Say I’ve got a function in my WHERE clause:
WHERE LTRIM(RTRIM(DisplayName)) = 'Brent Ozar';
If I have an index on DisplayName, will SQL Server use it? Sure:
Even though SQL Server can’t seek to “Brent Ozar,” it will still scan that entire index, along the way trimming the leading & trailing spaces from every user’s DisplayName.
But watch what happens when I change the SELECT from just getting DisplayName, to getting all of the fields:
Now, it stopped using the index – but why? The answer is in the estimated number of rows. In both plans, SQL Server estimated that it would find 62,224 rows matching LTRIM(RTRIM(DisplayName)) = ‘Brent Ozar’ – but it was wildly incorrect. That was an overestimation, and SQL Server believed that the resulting key lookups (to get the SELECT *) would be less efficient.
Note that I’m using the new SQL Server Management Studio 18 preview, which shows estimated versus actual rows on each operator in the query plan. I’m a huge fan of this – it really helps estimation problems pop right out at you.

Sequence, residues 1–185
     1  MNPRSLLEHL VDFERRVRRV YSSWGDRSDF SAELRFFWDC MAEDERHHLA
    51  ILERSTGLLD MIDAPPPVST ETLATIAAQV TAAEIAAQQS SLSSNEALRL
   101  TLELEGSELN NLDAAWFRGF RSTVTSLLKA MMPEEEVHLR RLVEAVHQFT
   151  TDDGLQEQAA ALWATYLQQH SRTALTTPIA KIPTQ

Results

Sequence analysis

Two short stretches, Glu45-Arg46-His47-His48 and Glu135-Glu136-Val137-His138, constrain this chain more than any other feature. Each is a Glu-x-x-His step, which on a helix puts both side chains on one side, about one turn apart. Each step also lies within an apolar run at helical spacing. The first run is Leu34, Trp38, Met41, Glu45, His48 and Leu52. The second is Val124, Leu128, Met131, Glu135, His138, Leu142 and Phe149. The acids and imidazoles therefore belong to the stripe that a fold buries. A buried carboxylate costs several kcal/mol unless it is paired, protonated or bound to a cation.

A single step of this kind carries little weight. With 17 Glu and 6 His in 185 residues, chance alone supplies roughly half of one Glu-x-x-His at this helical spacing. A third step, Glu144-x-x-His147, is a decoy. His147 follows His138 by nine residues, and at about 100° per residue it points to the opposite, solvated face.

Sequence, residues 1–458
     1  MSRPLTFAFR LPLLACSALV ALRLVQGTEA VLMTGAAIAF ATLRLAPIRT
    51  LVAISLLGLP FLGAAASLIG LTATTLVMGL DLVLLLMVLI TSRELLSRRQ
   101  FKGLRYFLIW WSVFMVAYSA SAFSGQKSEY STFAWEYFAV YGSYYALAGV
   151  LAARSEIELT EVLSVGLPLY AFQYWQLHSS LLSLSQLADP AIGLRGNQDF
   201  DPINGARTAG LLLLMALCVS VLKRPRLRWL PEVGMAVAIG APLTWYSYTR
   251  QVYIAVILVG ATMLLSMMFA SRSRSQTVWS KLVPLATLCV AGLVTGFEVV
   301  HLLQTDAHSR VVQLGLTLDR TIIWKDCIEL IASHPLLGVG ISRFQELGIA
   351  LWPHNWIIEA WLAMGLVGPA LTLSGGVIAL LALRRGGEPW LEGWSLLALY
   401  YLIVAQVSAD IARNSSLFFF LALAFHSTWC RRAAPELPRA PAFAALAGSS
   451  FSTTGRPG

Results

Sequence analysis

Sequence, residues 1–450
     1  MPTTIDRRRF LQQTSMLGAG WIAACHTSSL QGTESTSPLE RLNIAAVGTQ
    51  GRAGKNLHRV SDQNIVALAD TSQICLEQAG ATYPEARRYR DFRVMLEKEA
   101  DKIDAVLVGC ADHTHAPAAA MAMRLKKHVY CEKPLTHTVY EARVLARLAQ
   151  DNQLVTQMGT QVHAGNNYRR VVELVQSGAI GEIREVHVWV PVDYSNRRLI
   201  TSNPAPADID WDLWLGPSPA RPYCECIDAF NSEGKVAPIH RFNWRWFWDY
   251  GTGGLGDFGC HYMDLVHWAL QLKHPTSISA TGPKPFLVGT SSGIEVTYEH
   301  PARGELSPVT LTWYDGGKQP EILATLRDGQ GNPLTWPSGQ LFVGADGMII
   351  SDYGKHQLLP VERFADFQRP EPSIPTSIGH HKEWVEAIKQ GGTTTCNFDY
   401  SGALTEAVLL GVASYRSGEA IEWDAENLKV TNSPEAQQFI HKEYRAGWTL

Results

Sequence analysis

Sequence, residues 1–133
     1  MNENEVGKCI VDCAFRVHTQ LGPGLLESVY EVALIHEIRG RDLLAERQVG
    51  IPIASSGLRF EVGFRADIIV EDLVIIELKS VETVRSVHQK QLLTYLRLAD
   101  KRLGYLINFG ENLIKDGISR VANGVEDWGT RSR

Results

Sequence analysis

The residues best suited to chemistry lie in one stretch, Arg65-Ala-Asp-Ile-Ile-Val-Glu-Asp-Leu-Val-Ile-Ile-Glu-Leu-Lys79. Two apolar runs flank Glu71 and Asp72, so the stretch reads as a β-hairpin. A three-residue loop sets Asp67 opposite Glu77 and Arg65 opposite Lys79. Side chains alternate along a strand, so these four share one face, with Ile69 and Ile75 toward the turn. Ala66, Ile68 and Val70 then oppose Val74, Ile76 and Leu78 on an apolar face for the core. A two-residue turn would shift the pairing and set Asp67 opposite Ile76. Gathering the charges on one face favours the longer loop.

So do functions stop you from using indexes?
- Yes, in the sense that you may end up using the indexes less efficiently, doing scans instead of seeks.
- No, in the sense that if the index perfectly covers the query, you can indeed still scan that covering nonclustered index rather than the entire table.
- But yes, if the index isn’t perfectly covering, because the estimates will likely be garbage, and SQL Server will think it’s going to return a ton of rows, and end up choosing the clustered index scan in order to avoid an imaginarily high number of key lookups.